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Demystifying pre-nups – understanding pre-nuptial agreements

Imagine that your wedding is just a couple of months away – the happiest day of your life – and your lawyer friend says you should be thinking about your divorce. For most engaged couples, thinking about divorce before you’ve even tied the knot might seem somewhat depressing.
However, pre-nuptial agreements can establish a sounder basis for the start of a marriage as it can get into the open and address some of the thorny and often unspoken ‘what ifs’ that can undermine a relationship.

Why might you want a pre-nup?
Pre-nups are the only way to try to protect your pre-marriage money upon a divorce, which means you should consider one if you have more savings/investments than your partner. For example, pre-nups are good at protecting money you have inherited or from family trusts, as well as protecting business assets.
You should also consider a pre-nup if you have a child from a previous relationship whose interests you wish to protect, or if you or your partner are not from England or Wales.
Pre-nups can also reduce stress and legal fees, as you will have already decided what should happen in the unlikely event of you divorce.

Are pre-nups binding?
In short – no. A pre-nuptial agreement is not 100% legally binding, however a landmark ruling in the Supreme Court in 2010 showed that a pre-nuptial agreement will be considered and may be acted upon should a marriage break down.
Pre-nups are often taken in to account when deciding how to divide assets so that the outcome is fair for both sides, so in that sense they are definitely worth doing.

Do pre-nups have specific requirements?
Yes, several requirements that must be met: Firstly, both you and your partner must allow for full disclosure of your financial situation. You will both need legal advice from different solicitors. The agreement needs to be signed at least 21 days before the wedding to avoid any allegations of pressure to sign, and signatures must be witnessed. The agreement needs to be fair, meaning that it needs to meet both of your basic needs in terms of housing, capital and income on a divorce.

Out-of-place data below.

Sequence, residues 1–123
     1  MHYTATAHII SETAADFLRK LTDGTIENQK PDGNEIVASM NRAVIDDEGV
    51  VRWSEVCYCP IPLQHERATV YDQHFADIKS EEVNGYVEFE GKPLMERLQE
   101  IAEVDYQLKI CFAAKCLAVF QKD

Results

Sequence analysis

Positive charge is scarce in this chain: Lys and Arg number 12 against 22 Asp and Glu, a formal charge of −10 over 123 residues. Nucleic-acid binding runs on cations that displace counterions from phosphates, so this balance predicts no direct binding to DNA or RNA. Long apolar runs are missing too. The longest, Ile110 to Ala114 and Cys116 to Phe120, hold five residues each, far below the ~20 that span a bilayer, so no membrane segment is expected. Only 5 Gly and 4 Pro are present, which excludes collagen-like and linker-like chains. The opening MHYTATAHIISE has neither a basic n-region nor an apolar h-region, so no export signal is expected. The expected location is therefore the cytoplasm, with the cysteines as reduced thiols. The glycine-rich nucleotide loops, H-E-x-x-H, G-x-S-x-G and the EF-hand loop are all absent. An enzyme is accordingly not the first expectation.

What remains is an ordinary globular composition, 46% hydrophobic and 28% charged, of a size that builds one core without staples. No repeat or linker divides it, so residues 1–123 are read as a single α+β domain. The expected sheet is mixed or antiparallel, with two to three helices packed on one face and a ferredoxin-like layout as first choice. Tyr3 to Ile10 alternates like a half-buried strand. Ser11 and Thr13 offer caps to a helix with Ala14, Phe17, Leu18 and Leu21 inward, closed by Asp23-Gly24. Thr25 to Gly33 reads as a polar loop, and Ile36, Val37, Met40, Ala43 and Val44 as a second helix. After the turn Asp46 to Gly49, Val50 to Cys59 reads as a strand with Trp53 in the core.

Other consideration before entering a pre-nuptial agreement
It is important to talk with your partner about what you would like to happen if you separate and, in particular, you should consider the following factors: what should happen to your family home, money or property that you brought into the marriage, money inherited during the marriage and money received from trusts, money held in joint accounts and property owned jointly, how you would split personal belongings, money saved during the marriage, pensions, debts, any maintenance that the other may need and what would happen if you died during the marriage.

You should always take legal advice to have an agreement drawn up on. It is also important not to rush into anything or leave it to the last minute.

Reviewing the agreement regularly is also important, especially when there is a significant change in the relationship such as having children or moving abroad.

The good news is that the pre-nuptial agreement process is simple. This is a summary of the procedure for entering into a prenuptial agreement:

  • If you decide to complete a prenuptial agreement, you must enter into this at least 21 days before the wedding.
  • Before signing any agreement, both parties must give full financial disclosure.
  • The weaker party must not put any pressure on the stronger party.
  • Both parties must receive competent independent legal advice.
  • After the wedding, you also have the option of entering into a post-nuptial agreement, which can help reinforce and support the terms of the pre-nuptial agreement.

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